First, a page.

UCF Research and Innovation Recognized at International Conference

image 277Three groundbreaking technologies developed by UCF researchers have been recognized as among the top innovations to be presented at an international conference in two weeks.

The discoveries – each of them unrelated – will be presented at the 2015 TechConnect World Innovation Conference in Washington, D.C., from June 14-17. The annual event is designed to accelerate the commercialization of innovations out of the lab and into industry, and draws some of the brightest and most innovative researchers, funding agencies, national labs, international research organizations, universities, investors and corporate partners.

The University of Central Florida discoveries are among the top 20 percent of submittals selected to receive TechConnect Innovation Awards. The technologies include:

  • A method of using gold nanoparticles to screen for prostate and other types of cancer, as well as autoimmune diseases. The technology was developed by Qun “Treen” Huo of UCF’s NanoScience Technology Center. Huo also has a spinoff company, Nano Discovery Inc., that has developed the medical device used to examine test samples.
  • A color-changing tape that can be used at power plants and other facilities to detect hydrogen gas leaks. It’s being commercialized by HySense Technology, a company founded by Nahid Mohajeri of the Florida Solar Energy Center.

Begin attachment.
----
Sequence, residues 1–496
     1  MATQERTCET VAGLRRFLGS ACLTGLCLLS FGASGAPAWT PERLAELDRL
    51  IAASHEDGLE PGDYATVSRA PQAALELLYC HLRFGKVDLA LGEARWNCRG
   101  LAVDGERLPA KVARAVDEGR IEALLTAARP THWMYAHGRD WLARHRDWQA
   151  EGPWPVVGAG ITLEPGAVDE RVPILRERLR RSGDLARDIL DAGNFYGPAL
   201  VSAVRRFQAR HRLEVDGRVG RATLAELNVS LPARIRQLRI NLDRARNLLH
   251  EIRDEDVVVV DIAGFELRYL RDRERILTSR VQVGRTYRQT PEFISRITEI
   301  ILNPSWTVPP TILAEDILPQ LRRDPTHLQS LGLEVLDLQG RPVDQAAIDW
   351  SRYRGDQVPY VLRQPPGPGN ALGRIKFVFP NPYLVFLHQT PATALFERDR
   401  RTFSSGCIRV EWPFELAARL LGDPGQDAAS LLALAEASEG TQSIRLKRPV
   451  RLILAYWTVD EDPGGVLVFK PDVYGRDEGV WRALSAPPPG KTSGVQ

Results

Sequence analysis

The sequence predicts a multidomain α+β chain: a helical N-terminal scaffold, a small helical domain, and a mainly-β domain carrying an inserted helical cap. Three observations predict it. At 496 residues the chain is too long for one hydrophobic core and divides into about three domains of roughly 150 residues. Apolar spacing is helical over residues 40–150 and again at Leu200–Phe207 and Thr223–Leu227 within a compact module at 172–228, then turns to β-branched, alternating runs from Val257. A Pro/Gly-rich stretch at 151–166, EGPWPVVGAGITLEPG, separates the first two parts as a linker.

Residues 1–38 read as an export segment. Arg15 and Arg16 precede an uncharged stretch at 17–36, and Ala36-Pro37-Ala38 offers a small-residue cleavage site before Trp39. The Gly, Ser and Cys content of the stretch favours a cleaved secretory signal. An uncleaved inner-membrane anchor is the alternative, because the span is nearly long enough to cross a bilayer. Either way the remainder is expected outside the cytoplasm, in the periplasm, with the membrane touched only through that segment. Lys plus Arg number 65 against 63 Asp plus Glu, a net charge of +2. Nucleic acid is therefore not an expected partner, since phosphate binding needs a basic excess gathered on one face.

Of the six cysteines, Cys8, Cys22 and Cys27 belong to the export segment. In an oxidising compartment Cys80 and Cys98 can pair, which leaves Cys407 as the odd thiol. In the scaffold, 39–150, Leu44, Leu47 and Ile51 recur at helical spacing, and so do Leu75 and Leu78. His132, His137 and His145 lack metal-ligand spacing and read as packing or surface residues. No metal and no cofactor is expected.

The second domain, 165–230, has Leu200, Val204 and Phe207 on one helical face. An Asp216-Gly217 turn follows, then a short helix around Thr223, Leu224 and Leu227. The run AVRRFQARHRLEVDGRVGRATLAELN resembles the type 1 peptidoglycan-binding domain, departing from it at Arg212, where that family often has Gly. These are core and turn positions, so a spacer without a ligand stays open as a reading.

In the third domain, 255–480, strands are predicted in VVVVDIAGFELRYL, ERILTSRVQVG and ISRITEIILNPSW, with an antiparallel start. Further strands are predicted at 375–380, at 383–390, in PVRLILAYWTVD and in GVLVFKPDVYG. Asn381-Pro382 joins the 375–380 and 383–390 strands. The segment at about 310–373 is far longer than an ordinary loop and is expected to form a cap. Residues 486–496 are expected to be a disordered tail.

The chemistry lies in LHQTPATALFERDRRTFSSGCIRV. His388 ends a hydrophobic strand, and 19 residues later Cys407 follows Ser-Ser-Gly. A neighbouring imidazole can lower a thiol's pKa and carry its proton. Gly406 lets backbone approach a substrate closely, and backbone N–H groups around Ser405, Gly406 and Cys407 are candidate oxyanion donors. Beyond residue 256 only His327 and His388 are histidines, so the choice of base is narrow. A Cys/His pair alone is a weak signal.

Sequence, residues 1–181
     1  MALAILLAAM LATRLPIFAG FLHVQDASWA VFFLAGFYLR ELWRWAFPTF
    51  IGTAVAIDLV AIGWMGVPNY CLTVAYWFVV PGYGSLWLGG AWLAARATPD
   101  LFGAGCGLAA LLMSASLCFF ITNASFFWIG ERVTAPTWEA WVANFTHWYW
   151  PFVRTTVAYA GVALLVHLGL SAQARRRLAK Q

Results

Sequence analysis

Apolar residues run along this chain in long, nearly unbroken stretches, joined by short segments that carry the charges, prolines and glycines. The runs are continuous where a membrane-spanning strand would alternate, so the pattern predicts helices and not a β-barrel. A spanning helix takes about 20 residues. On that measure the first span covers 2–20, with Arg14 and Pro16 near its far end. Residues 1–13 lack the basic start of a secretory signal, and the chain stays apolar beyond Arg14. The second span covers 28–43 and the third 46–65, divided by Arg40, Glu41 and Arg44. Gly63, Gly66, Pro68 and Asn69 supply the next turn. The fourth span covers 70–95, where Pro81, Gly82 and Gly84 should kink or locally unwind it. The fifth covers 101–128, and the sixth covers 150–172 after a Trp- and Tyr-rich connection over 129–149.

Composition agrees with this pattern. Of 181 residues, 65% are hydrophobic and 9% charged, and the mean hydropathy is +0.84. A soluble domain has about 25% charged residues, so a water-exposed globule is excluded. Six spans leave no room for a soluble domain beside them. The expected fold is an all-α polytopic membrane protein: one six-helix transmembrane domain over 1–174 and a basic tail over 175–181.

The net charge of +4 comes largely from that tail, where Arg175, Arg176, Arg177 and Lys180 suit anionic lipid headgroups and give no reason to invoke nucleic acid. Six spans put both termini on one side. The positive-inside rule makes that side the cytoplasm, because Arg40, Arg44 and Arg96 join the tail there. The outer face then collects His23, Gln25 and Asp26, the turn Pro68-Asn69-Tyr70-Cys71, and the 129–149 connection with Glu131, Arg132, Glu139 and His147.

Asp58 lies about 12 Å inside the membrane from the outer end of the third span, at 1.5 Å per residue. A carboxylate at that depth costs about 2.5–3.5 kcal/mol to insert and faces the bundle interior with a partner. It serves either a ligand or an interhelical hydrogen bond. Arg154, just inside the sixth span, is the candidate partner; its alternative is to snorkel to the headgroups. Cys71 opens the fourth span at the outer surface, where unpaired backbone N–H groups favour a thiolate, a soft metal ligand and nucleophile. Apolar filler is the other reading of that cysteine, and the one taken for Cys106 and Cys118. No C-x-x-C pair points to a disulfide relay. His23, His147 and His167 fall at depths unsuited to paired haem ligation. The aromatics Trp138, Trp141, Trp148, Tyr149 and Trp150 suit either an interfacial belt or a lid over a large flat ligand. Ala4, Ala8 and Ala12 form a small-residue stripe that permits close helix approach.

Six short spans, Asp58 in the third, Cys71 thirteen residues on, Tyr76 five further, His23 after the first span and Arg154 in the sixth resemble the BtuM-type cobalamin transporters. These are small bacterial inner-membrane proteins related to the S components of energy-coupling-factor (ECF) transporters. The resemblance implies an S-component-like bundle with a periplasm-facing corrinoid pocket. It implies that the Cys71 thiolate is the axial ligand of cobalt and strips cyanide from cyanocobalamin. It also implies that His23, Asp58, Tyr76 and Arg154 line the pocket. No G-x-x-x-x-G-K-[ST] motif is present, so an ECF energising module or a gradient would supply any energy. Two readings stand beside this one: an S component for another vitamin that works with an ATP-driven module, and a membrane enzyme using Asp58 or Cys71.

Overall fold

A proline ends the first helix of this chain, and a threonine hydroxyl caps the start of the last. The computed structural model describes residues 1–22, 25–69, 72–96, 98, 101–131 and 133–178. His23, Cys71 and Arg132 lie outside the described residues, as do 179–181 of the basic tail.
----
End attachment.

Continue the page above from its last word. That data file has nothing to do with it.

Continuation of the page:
• A nanoparticle system whose light-scattering properties can be controlled to display an image with depth perception – in essence, holographic — on non-powered transparent or opaque surfaces such as windshields, windows, glasses, handheld devices and even fabrics. The research was led by Ayman Abouraddy and Aristide Dogariu from the College of Optics and Photonics.

Another member of the UCF faculty, Jayan Thomas, will speak at the conference. Thomas, an assistant professor with the NanoScience Technology Center, the College of Optics and Photonics and the College of Engineering and Computer Science, was a finalist for a prestigious 2014 World Technology Network Award for his research on cables that can store and transmit energy.